How to Respond to International Questions & Criticism
Criticism is still being levelled against Bahrain by international
human rights bodies and by some states at the Human Rights Council
Several queries are directed to the Government about specific
human rights issues. Thus, many problems arise in this regard:
First: Organizations complain about
the lack or tardiness of responses.
Second: Responses may be insufficient
and do not properly or completely answer the specific questions
Third: It has become clear that there
is a problem regarding the persuasiveness of official replies to
the questions posed by international human rights bodies. Irrespective
of the strength of the official responses, international organisations
and institutions may still be inclined to doubt their credibility,
due to lack of trust.
In Some cases, the organizations say that official answers amount
to mere ‘justifications’ of Government behaviour rather than ‘addressing’
the specific human rights issues.
For this the reason, some may have wrongly understood that the
Government of Bahrain is either unwilling or evading to answer the
questions posed, which is untrue in most cases. Even in cases where
the government has strong arguments, they are not presented or submitted.
1/ In official responses a difference is noted between the official
position and that of international human rights organisations, in
terms of the legal reference and characterization. When a certain
case is viewed as relating to freedom of expression by the organisations,
the official position sees it as an issue of contempt and incitement.
What human rights activists regard as an exercise of the freedom
of assembly is officially characterized as chaos and lawlessness.
Rights Council (UNHRC)
Hence, we have two different cultures, drawing upon two sources
of legal references, a national reference and an international reference,
that follow different sets of standards.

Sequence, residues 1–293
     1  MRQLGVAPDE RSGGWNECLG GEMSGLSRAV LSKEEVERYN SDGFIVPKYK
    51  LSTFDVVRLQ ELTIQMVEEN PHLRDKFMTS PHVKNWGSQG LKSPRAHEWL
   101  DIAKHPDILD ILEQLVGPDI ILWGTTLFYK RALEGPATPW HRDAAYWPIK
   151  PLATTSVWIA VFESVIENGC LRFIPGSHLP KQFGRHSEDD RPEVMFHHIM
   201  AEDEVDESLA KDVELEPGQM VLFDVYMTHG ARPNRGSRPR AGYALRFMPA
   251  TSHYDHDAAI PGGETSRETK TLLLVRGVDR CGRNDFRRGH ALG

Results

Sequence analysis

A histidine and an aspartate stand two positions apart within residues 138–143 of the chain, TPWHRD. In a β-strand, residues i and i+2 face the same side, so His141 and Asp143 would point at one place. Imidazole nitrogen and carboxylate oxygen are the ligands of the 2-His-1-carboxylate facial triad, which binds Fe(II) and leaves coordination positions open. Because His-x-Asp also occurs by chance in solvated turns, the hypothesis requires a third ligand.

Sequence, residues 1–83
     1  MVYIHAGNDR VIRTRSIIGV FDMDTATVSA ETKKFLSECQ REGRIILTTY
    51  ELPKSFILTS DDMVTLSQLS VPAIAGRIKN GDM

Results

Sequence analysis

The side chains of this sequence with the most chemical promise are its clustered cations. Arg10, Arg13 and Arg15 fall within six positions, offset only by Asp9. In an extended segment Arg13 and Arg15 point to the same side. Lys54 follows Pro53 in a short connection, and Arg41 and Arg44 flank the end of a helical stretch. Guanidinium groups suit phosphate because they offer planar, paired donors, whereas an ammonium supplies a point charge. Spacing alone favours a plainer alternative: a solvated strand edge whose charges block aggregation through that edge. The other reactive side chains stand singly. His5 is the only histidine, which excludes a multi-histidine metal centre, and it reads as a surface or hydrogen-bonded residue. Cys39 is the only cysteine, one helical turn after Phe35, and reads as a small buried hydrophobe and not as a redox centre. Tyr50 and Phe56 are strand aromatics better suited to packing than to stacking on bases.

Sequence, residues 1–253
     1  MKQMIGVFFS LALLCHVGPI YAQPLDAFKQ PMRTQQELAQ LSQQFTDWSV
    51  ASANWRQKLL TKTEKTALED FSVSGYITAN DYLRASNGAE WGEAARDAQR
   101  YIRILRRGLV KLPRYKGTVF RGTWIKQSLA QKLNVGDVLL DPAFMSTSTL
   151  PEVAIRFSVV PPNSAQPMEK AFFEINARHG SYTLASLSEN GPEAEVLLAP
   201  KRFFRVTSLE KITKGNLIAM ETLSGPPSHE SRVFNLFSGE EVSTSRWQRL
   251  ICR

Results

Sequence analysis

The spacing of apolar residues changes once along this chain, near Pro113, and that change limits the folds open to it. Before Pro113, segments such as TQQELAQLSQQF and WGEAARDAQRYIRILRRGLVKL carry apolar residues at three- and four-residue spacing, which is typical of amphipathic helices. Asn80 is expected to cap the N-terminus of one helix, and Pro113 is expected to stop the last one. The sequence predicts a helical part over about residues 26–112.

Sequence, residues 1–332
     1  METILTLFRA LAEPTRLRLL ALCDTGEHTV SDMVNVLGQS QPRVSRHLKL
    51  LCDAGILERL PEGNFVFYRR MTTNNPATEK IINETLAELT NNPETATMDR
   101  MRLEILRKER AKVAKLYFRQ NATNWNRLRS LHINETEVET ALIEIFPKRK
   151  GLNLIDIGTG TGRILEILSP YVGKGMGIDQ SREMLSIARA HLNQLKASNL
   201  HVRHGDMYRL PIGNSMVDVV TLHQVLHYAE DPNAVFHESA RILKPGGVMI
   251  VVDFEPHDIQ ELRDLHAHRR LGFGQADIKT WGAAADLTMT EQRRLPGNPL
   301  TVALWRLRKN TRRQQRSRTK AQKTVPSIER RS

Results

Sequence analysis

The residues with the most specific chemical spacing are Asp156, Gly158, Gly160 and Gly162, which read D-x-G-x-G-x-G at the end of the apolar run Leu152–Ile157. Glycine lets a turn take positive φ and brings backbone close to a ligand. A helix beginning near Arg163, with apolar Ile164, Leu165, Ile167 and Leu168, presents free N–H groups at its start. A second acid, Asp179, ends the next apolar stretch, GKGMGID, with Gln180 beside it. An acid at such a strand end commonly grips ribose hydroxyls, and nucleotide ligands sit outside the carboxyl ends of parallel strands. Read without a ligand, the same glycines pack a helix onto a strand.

The two references should have been aligned, at least through
Bahrain’s acceptance of the international law referentiality in
certain specific issues related to the agreements signed or accessed
to by Bahrain.
Confusion occurs when official responses are based on Bahraini
national laws, which do not, necessarily, take into account the
international laws, conventions and treaties ratified by Bahrain,
nor the relevant international standards.
2/ Official information, responses and data, generally address
a local populist audience. However, the official discourse addressing
international human rights organisations should have used the human
rights language, taking into account that it is addressing a different,
non - local mentality which has a distinct cultural and legal reference.
Accordingly, the official human rights discourse must be developed,
bearing in mind that it should differ from the domestic discourse.
The international political ?and human rights community should be
addressed in its own language and according to human rights standards.
3/ Use of generalities and digressions, is a characteristic of
Arab discourse in general. The international human rights community,
has very specific questions and inquires concerning very specific
issues, thus answers must be direct to the point and avoid generalities.
4/ Shortage of evidence and fact-based information: In many cases,
the authorities may have evidence which cannot be disclosed for
security reasons, special circumstances or for legal considerations
(e.g. in cases that are still pending adjudication) and hence insufficient
information is submitted by the authorities. However, mutual agreement
can be reached with these human rights organizations on the understanding
that the information provided by the authorities, first of all,
is not final and secondly, is not meant for publication, due to
legal reasons. Providing information and timely responses can help
to reduce the trust gap between the two sides. On the other hand,
providing incomplete information, or information that does not cover
the findings or show evidence, subjects the official responses to
criticism and distortion.
5/ Repeatedly making unfulfilled promises (e.g. we shall issue
an information law regulating the freedom of the press, we shall
consider allowing the Special Rapporteurs to visit Bahrain, we shall
issue a new law for civil societies).
Thus, we conclude that if the official human rights discourse
is to be convincing and professional, it has to be supported by
evidence proving that the actions, procedures and verdicts taken
in specific human rights cases, are in line with international laws
and the conventions ratified by Bahrain. It does not help to simply
invoke national laws alone, unless these laws are in conformity
with international standards and agreements. Therefore, official
authorities have to demonstrate, through their response? and discourse,
that they have not violated these international laws and standards.